Most internet communication is now end-end encrypted using TLS. In the TLS process, the TLS server sends a PKI certificate to the user which then gets authenticated using the CA's root certificate that it has (I believe it's stored in the browser).

Compromising the certificate store on the user's machine and installing a fake CA certificate means you can intercept traffic. But, how is this possible? In normal operation, I assume, the CA's public key is used to verify the CA's private key was used to issue the TLS server's certificate. The fake CA certificate would have a false key pair, so how does the authentication proceed?

I feel like there is a big gap in my understanding of this. I would appreciate corrections and insights.

  • 1
    The answer below by @Crypt32 is correct (+1). However, if an attacker has gained enough access to the user's machine to compromise the certificate store on the machine, then the user has much bigger problems. See security.stackexchange.com/questions/266509/… for more info.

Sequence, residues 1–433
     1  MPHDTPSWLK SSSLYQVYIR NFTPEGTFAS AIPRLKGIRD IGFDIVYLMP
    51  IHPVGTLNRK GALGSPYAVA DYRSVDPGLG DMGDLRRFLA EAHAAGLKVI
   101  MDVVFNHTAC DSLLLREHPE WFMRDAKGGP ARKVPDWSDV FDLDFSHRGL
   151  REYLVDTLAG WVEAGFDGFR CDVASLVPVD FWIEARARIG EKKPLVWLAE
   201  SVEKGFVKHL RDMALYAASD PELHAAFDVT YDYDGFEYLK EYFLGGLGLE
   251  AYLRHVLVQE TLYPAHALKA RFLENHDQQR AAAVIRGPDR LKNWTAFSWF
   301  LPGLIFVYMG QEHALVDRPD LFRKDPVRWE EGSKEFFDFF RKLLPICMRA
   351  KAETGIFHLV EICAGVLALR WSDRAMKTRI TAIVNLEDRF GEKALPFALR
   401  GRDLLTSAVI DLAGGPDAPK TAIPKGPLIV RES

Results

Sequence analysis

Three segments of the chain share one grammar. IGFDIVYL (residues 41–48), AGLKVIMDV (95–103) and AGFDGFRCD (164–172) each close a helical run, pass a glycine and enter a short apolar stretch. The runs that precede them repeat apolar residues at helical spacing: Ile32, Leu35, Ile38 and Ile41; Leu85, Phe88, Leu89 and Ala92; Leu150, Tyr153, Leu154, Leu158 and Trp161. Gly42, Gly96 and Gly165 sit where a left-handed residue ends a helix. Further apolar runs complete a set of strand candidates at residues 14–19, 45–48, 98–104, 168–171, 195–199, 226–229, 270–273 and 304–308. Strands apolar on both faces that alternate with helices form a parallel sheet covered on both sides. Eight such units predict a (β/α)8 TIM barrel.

– mti2935
    Jan 18 at 17:26

1 Answer 1


A MitM will create a certificate whose signature will be successfully validated against the certificate of the fake CA in your trust store.

For example, if someone managed to install fake (fraudulent) CA certificate (to which they have the private key) into your trust store, they could use that CA cert's private key to issue a fraudulent certificate for security.stackexchange.com. If they then had an MitM position, they could intercept your request for security.SE, and supply their fraudulent certificate. Your browser would accept it as valid for the StackExchange web site, while in reality everything you send and receive goes through the attacker (who fully controls the traffic both ways and could even be serving you a totally fake site). Everything would look fine from your end because the certificate is trusted by your browser, because you trust the attacker's fake CA which is the issuer of the site's (fraudulent) certificate.

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